“It’s been a concern of ours,” Wells said of EKU’s run defense, which entered Saturday’s game allowing opponents to average more than 220 rushing yards. “We’ve played teams with the same group of guys and stopped the run a whole lot better, we just couldn’t stop it tonight. It wasn’t anything magical that they did other than blocking and breaking tackles.”

The Colonels allowed a season-high 31 points in the first half, and Gardner-Webb averaged nearly eight yards per rush without turning the ball over once. The Runnin’ Bulldogs also averaged 47 yards per kick return across three returns.

EKU’s high-powered passing attack tried its best to keep up with the ground game of Gardner-Webb, as redshirt junior quarterback Parker McKinney posted another sensational stat line.

McKinney was 37 of 57 through the air Saturday for a career-best 454 passing yards and five passing touchdowns, which added to his already record-breaking numbers.

Eastern Kentucky tight end Joeseph Sewell (80) is tackled by Gardner-Webb defensive back Josiah Wright during Saturday’s FCS playoffs game in Richmond.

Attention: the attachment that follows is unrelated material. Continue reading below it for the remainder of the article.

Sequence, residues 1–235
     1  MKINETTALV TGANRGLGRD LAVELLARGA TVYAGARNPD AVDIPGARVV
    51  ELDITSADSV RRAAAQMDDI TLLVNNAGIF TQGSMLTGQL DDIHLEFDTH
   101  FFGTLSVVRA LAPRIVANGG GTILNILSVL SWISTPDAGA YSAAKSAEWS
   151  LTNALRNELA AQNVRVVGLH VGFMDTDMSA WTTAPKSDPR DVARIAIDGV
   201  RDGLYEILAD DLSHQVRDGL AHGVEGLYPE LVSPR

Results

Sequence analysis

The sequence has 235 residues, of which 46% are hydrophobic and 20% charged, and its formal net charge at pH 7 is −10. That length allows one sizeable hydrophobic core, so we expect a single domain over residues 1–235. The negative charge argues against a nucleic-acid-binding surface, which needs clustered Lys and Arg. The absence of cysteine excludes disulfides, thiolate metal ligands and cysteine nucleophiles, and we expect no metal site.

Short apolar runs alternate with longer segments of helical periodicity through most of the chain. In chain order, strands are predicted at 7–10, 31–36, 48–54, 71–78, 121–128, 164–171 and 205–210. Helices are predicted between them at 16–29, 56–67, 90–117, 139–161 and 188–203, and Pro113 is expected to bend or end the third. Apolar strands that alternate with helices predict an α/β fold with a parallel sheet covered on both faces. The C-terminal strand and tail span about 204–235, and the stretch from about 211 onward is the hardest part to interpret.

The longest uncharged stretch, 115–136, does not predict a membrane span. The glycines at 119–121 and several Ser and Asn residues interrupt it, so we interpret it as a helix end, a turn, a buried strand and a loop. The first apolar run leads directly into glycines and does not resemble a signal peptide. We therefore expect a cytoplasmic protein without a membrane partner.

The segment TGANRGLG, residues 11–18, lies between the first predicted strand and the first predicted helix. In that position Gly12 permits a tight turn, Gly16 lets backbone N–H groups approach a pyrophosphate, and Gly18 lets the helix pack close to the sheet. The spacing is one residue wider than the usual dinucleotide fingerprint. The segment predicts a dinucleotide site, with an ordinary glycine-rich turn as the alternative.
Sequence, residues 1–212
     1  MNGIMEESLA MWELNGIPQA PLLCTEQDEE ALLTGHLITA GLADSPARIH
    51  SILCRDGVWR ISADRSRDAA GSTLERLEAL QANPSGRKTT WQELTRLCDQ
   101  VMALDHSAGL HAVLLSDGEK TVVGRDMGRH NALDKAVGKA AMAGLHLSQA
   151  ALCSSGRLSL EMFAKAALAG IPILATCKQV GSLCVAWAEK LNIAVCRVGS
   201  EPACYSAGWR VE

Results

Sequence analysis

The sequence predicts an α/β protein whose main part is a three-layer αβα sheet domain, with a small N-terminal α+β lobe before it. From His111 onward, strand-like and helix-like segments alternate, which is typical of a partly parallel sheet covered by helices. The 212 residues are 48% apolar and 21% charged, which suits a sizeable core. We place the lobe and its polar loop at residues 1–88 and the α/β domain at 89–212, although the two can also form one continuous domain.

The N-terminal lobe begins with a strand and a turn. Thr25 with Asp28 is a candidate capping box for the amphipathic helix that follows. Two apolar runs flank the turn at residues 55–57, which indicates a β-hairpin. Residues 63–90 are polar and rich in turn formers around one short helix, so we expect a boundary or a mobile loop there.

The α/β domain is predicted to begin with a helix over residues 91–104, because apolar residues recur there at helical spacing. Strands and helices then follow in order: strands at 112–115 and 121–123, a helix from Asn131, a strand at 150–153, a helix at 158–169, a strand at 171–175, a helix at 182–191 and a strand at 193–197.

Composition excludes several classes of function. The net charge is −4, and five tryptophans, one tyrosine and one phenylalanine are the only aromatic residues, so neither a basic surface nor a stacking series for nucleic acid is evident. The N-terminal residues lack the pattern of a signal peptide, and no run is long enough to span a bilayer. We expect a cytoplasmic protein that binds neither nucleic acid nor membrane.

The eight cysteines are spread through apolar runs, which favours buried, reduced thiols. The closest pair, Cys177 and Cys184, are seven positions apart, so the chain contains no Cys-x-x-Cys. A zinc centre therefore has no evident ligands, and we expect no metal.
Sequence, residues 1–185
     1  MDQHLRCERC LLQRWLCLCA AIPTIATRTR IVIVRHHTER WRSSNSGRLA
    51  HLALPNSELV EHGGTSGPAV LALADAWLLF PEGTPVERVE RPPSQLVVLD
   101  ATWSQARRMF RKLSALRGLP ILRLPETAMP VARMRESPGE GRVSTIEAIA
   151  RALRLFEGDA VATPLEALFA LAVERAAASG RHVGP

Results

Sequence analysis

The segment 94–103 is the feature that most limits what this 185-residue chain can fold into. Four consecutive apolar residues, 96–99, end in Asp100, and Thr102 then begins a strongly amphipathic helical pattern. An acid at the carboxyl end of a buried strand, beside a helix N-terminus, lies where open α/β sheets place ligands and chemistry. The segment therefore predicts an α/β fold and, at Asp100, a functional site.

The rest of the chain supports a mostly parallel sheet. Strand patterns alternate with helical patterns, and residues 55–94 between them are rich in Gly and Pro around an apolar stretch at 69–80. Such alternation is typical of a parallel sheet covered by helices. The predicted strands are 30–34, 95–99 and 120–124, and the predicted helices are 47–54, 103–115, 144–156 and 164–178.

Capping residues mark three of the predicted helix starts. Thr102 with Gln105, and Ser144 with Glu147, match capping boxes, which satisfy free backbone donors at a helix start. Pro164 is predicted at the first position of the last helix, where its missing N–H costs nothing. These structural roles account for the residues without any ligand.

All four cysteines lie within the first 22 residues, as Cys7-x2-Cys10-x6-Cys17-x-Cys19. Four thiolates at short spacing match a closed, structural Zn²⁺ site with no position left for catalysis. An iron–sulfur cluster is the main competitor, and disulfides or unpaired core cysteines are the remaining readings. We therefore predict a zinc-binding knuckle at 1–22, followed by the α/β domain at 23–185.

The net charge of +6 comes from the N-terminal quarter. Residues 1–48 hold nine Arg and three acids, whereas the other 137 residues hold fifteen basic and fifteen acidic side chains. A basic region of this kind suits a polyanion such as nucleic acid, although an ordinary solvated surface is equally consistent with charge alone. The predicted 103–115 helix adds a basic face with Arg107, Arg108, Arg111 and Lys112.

Eastern Kentucky tight end Joeseph Sewell (80) is tackled by Gardner-Webb defensive back Josiah Wright during Saturday’s FCS playoffs game in Richmond.

McKinney — who is a finalist for the national offensive player of the year award in FCS — set EKU single-season records this season for completions (315), attempts (459), passing yards (3,956) and passing touchdowns (33).

Additionally, McKinney is already EKU’s career leader in pass completions, pass attempts, passing yards, passing touchdowns, and total offense, with another college season still to come.

“A lot of it is just the coaching staff, whether it’s play-calling or its putting the right people around me,” McKinney said of EKU’s offensive success this season. “We had a ton of playmakers this year … . I can throw a little 5-yard slant and they can take it 80 yards for a touchdown. That’s what I attribute most of it to.”

Gardner-Webb and Eastern Kentucky combined for 1,021 yards of total offense.

Eastern Kentucky quarterback Parker McKinney (18) looks to pass the ball against Gardner-Webb during Saturday’s FCS playoffs game in Richmond.
Eastern Kentucky quarterback Parker McKinney (18) looks to pass the ball against Gardner-Webb during Saturday’s FCS playoffs game in Richmond.